abusesaffiliationarrow-downarrow-leftarrow-rightarrow-upattack-typeburgerchevron-downchevron-leftchevron-rightchevron-upClock iconclosedeletedevelopment-povertydiscriminationdollardownloademailenvironmentexternal-linkfacebookfiltergenderglobegroupshealthC4067174-3DD9-4B9E-AD64-284FDAAE6338@1xinformation-outlineinformationinstagraminvestment-trade-globalisationissueslabourlanguagesShapeCombined Shapeline, chart, up, arrow, graphLinkedInlocationmap-pinminusnewsorganisationotheroverviewpluspreviewArtboard 185profilerefreshIconnewssearchsecurityPathStock downStock steadyStock uptagticktooltiptwitteruniversalityweb

Diese Seite ist nicht auf Deutsch verfügbar und wird angezeigt auf English


23 Dez 2021

Karolina Bonde, Unpaid Debt

The court denies another claim to dismiss the case

Lundin Energy’s former CEO Alex Schneiter filed a request to the court to dismiss the indictment against him. The District Court swiftly rejected the claim, an indication that they are starting to lose their patience with the numerous meritless claims made by the defendants in the Lundin case. 

The Stockholm District Court has faced a number of requests from Lundin’s lawyers and yet again they rejected an attempt by Alex Schneiter to dismiss the indictment against him. This time, Schneiter’s lawyers claimed that the Swedish Court had no jurisdiction over him. They referred to the fact that even though the Swedish courts provide universal jurisdiction through Chapter 2 Section 3(6) of the Swedish Penal Code, this is limited by an internal rule[1] providing that there must be support in international law for universal jurisdiction to be applicable.

The defence referred to expert opinions by Eric Bylander, Professor William Schabas and Dr. Guenael Mettraux, arguing that the Swedish Court has no jurisdiction over Alex Schneiter as there is no support in international law that universal jurisdiction can be applied over crimes committed in a non-international armed conflict or in situations when the accused is not voluntarily present in the territory of the State where it is indicted. The Court has rejected both arguments.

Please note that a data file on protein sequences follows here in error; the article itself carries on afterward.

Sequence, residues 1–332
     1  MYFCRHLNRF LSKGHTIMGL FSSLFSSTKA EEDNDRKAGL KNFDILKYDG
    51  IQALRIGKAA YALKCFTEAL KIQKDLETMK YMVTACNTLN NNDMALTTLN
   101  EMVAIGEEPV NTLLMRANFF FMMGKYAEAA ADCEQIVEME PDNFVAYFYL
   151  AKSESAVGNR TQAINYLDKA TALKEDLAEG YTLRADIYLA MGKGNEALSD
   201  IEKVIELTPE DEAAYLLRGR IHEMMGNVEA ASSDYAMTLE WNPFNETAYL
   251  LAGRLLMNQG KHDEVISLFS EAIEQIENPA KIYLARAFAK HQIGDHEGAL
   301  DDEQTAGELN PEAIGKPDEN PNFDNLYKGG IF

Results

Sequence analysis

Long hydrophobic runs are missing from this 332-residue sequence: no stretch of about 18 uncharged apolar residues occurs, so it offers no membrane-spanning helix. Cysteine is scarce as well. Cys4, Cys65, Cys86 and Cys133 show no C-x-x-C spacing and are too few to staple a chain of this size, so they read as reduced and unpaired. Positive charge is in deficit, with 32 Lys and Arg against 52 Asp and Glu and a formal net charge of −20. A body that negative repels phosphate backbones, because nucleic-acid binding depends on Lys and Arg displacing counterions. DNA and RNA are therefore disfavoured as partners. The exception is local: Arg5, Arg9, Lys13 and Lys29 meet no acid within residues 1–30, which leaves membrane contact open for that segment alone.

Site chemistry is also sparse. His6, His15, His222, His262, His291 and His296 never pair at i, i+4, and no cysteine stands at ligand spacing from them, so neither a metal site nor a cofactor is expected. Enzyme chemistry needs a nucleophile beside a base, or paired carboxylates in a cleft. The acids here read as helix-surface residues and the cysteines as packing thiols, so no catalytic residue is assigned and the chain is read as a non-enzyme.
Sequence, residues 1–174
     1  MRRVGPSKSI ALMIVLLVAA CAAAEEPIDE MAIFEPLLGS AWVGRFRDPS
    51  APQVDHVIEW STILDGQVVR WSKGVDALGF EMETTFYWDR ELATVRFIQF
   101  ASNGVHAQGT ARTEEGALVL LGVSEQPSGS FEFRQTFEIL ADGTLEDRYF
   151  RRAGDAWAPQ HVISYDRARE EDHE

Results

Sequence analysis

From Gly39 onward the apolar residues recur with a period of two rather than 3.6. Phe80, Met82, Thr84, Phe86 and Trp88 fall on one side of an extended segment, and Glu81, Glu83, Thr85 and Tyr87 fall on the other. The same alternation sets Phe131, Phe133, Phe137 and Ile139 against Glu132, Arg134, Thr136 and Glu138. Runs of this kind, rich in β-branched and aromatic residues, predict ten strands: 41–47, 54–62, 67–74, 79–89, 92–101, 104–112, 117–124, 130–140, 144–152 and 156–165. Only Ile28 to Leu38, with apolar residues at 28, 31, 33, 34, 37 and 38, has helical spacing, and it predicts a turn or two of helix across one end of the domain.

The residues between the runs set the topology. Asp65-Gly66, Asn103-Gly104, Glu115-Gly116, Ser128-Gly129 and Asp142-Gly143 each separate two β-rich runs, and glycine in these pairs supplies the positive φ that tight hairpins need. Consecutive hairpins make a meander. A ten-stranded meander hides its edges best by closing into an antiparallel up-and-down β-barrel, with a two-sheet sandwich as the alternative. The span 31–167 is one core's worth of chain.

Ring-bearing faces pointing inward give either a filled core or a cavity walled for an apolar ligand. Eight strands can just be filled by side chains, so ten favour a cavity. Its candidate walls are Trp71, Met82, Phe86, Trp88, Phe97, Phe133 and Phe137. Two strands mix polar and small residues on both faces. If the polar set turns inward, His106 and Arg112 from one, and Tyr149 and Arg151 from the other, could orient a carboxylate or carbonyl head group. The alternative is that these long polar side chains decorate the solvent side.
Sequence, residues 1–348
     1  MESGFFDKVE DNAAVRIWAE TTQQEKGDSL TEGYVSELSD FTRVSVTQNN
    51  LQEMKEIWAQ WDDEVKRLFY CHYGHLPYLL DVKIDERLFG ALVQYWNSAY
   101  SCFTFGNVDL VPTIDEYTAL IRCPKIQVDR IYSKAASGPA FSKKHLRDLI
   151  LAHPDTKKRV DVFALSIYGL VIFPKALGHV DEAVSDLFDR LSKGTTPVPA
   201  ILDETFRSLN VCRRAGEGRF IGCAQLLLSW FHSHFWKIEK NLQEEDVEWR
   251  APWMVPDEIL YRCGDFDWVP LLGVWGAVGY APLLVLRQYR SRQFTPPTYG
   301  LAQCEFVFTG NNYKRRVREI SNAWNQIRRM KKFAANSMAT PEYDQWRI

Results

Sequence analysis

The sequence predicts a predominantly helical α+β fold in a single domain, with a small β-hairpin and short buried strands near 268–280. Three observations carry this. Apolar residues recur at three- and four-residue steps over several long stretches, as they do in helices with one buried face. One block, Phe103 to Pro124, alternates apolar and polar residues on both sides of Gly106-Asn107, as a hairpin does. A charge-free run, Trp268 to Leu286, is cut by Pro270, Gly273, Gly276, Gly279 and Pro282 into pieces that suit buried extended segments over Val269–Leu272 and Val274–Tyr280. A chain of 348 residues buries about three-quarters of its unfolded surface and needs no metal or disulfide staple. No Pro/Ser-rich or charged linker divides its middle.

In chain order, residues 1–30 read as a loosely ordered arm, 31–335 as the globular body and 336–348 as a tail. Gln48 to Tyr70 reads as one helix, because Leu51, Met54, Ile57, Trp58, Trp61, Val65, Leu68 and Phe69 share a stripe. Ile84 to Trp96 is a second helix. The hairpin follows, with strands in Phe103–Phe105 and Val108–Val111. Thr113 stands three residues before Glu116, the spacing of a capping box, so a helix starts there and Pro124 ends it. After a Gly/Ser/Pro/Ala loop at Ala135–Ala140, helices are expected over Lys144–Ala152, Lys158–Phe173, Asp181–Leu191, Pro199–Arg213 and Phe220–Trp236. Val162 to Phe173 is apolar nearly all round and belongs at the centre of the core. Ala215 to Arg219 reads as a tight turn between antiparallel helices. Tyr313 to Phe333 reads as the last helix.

The International Committee of the Red Cross’ customary law study, which is the most comprehensive and internationally recognised study in the field, provides that States have the right to apply universal jurisdiction within the framework of their national law to crimes committed in a non-international armed conflict. The Prosecution relied on this, stating that the rule provided strong support for the fact that the Swedish jurisdiction rule is compatible with general international law, and that the district court is competent to try the prosecution against Alex Schneiter. The District Court agreed with their argument...

The defence referred to the fact that Alex Schneiter is a citizen of Switzerland, he does not reside in Sweden and did not do so when the charges were brought...

In this case, however, there is a connection between Schneiter and Sweden. Public prosecutor Henrik Attorps highlighted that the crime Schneiter is accused of was committed within the framework of his work as a senior representative of a Swedish corporation and that “there is thus a clear interest in Sweden to exercise the universal jurisdiction that exists for the crime under Swedish law.” An argument that the District court concurred with, adding that “the crime was committed together and in agreement with a Swedish citizen”...